Bradley Merrill Thompson Quoted in “Legislation Would Streamline Risk-Classification for Device Accessories”Medtech Insight April 27, 2017
Bradley Merrill Thompson, a Member of the Firm in the Health Care and Life Sciences practice, in the firm’s Washington, DC, office, was quoted in Medtech Insight, in “Legislation Would Streamline Risk-Classification for Device Accessories,” by Ferdous Al-Faruque. (Read the full version – subscription required.)
Following is an excerpt:
Bradley Thompson, who practices law at Epstein Becker & Green in addition to his work with the Clinical Decision Support Coalition, has been lobbying FDA to change its oversight of accessories since 2010. The attorney says the agency’s views on regulating accessories has evolved, especially with the latest guidance document, where it agreed their classification should be based on intended use. But he notes it still left out the question of what process FDA should use to regulate the products. That issue would apparently be addressed by Walters and Kuster’s bill, he suggested.
“This bill picks up where 21st Century Cures left off with the premise that accessories should be classified on the basis of their own intended use, rather than the intended use of the parent device,” Thompson told Medtech Insight. “What the act then seems to do is create at least three alternative pathways for accomplishing that classification, instead of the de novo process.”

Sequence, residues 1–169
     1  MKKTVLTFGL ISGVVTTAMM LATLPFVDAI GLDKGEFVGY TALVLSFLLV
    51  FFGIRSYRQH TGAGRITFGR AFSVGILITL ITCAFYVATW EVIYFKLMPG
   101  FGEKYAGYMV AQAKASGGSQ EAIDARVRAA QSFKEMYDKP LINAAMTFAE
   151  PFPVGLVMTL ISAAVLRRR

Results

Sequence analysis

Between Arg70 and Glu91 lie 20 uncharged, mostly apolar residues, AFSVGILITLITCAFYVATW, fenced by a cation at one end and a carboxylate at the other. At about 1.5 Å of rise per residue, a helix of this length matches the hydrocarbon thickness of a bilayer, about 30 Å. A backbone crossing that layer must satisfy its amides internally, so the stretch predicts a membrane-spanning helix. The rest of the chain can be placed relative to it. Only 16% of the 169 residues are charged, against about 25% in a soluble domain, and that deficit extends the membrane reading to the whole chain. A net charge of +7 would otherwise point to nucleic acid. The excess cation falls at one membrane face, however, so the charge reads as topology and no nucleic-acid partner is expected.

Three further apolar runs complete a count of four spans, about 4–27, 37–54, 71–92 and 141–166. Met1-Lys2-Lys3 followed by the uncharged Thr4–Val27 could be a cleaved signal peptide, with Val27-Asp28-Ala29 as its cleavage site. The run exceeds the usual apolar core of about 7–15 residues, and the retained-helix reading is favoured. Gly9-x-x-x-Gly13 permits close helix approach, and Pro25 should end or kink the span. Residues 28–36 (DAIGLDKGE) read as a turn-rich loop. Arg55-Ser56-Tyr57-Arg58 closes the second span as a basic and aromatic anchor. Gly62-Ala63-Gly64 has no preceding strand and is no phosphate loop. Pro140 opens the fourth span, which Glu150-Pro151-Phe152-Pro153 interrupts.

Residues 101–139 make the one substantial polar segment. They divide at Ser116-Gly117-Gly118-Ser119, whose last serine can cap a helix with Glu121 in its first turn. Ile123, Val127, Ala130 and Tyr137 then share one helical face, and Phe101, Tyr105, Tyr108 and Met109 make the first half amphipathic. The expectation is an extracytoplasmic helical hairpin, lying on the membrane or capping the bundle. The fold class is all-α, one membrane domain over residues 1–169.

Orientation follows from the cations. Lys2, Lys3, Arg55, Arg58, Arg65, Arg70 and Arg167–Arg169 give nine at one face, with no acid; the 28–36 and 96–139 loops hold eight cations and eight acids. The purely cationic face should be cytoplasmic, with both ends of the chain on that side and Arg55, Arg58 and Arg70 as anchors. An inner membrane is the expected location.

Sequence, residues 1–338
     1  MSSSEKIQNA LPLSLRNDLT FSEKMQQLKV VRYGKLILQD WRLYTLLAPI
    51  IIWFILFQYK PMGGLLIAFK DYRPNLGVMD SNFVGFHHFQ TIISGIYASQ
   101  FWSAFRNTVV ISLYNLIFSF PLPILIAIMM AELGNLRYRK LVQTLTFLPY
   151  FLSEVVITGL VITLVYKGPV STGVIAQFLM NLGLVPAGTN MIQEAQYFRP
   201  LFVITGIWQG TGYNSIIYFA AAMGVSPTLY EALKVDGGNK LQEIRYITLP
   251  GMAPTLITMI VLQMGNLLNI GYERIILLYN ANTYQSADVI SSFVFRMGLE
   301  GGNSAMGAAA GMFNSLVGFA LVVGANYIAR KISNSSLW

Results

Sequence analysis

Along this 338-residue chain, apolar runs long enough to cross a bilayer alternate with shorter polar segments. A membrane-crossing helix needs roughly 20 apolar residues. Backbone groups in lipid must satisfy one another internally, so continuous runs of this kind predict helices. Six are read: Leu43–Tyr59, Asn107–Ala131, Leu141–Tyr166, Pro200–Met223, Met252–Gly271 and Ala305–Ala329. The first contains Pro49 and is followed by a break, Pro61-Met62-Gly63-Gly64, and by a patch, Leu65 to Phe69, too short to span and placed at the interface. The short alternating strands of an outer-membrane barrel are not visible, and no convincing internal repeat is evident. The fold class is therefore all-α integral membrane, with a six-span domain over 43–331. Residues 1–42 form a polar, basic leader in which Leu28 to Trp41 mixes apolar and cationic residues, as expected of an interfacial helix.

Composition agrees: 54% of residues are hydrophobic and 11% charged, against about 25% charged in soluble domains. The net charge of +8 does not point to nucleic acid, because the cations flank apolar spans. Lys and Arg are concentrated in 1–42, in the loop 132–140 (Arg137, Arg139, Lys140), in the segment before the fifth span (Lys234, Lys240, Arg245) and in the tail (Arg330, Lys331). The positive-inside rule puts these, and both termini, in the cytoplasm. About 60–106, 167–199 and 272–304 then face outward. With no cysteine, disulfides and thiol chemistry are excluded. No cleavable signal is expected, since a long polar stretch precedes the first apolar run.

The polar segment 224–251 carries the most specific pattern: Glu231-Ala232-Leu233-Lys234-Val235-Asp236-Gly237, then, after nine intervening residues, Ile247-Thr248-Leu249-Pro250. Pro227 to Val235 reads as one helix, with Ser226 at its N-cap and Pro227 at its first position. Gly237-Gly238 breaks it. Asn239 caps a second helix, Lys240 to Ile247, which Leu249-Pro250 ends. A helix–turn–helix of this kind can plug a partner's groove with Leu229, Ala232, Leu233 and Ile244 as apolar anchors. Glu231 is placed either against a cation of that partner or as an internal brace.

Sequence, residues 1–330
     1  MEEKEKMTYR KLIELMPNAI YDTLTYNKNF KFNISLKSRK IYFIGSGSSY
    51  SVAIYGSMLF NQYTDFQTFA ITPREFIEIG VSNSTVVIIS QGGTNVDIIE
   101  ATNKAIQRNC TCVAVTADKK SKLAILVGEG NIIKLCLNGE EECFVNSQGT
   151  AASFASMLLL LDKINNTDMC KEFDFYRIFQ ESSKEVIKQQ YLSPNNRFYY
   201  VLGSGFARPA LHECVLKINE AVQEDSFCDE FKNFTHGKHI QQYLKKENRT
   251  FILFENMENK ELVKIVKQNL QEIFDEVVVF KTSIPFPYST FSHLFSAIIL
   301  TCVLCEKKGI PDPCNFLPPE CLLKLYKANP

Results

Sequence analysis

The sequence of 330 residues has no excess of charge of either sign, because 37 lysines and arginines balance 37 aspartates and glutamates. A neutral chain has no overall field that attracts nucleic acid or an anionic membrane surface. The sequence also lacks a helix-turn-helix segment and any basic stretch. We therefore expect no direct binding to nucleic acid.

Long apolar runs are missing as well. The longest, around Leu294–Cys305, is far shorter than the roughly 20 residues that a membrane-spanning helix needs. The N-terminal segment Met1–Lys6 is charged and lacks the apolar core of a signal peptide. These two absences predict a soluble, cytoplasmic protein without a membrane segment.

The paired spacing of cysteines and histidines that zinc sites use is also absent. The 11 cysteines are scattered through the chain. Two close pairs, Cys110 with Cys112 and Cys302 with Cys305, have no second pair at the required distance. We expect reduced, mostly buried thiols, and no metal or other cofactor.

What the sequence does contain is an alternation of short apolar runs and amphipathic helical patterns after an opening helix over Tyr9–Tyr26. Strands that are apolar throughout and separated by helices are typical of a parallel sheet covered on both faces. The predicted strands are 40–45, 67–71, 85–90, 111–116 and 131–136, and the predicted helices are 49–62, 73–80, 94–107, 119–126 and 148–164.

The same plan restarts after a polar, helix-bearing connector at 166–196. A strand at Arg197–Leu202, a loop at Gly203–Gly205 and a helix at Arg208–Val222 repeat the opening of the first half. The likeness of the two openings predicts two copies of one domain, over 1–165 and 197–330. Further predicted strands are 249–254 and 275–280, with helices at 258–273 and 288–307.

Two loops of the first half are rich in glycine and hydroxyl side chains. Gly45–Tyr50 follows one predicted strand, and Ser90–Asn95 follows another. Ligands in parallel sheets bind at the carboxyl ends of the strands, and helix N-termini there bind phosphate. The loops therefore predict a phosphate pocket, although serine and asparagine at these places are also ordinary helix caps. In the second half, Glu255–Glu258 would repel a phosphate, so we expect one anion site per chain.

Thompson says the new proposed pathway is progress, but he is somewhat skeptical about how big of an impact the bill could have on the status quo.
“Right now, if FDA agrees to a classification through a pre-market approval process, I don’t know that there’s any particular barrier to them setting up a new classification that they’ve already essentially acknowledged,” he said. “By far the tougher issue, and the issue that this legislation does not address, is the standard for deciding the appropriate classification.”
The biggest issue for Thompson is figuring out what level of evidence FDA will require of accessory manufacturers to determine the product’s risk class. Essentially, that issue is skipped in the new legislation and is deferred to FDA.